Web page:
In South Carolina there are more than 66,000 power outages because of Florence.
The state's emergency management division has been lifting evacuation orders in coastal counties, as the storm weakens. “Lots of canned goods, just basically using things we can heat up and eat.”
Krystal Johnson has lived in South Carolina all her life, and she's no stranger to hurricane season on the coast. “Candles flashlights, necessities.”
She lives in Ridgeland 30 miles from the coast of South Carolina.
“Honestly I was kind of nervous I got some butterflies as you usually do but I honestly wasn't worried because we do everything we can to kind of prepare.” The nerves were high for the mother of two because Hurricane Irma did a number in the county she lives in, around this time last year.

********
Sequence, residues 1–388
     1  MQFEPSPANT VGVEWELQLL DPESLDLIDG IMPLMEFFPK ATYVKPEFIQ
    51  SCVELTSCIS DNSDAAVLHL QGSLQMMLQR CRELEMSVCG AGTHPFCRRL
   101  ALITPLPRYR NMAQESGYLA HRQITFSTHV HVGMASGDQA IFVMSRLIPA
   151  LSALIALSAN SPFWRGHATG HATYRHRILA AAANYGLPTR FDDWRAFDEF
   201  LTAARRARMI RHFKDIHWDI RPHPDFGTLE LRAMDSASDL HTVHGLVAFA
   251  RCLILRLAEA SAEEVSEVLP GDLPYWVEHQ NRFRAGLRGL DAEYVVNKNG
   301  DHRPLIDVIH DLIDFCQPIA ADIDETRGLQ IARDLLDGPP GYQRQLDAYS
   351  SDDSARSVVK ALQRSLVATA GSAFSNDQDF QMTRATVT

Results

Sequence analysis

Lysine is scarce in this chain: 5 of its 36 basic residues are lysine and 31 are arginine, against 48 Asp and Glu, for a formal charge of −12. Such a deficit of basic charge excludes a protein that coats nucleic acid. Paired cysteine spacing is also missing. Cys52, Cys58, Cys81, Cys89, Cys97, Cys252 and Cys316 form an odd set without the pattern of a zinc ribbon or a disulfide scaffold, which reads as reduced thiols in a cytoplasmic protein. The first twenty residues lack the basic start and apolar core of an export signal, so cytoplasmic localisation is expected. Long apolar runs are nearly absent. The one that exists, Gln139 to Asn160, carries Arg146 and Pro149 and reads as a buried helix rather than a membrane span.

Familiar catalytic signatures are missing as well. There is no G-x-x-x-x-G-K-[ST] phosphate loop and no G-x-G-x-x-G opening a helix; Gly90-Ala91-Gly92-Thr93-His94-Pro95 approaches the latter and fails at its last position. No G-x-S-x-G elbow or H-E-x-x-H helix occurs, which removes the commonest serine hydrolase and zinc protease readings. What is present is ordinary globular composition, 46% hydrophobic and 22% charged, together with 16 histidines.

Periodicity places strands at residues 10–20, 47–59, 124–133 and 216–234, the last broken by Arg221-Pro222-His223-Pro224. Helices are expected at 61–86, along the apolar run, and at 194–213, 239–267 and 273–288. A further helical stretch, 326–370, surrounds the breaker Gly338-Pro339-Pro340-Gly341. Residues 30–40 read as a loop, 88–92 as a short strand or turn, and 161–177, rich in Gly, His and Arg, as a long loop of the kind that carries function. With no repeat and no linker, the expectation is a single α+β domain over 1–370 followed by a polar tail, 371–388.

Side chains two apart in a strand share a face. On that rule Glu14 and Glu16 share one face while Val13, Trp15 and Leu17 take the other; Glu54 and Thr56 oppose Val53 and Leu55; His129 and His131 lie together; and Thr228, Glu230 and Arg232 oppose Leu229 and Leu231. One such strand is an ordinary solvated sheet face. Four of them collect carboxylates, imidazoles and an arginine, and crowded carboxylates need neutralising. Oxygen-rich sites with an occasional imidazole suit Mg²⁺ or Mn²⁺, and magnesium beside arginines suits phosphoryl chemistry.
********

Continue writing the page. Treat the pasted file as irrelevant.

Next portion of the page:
“Compared to last year everyone was trying to get out of the way for Irma, we were almost without power for a week. Last year if you were to stand in our yard during Irma I could sit outside my door there was a line of cars passing by trying to evacuate.”
Hurricane Florence, which is now a tropical storm has caused catastrophic flooding. Johnson says she has the South Carolina Emergency Management Division's notifications come to her phone.
“It lets you know if you actually need to evacuate or if you can stay where you are.”
This map shows the surge areas, and which counties are at risk. Right now, Myrtle Beach has seen some of the highest rainfall totals in the state. In the last two days it's rained 10 inches. Nearby counties have gotten, 13 inches, and rain is expected to come down for the rest of the weekend.
Johnson says she's thankful Florence didn't have as much of an impact as predicted but it's still a sad time. “More than anything my heart goes out to the ones that are affected. North Carolina when you start to see there are some fatalities my heart goes out to those families.”
And as the rain is expected to continue, she says she has her generators, her family, and car ready in case things get bad.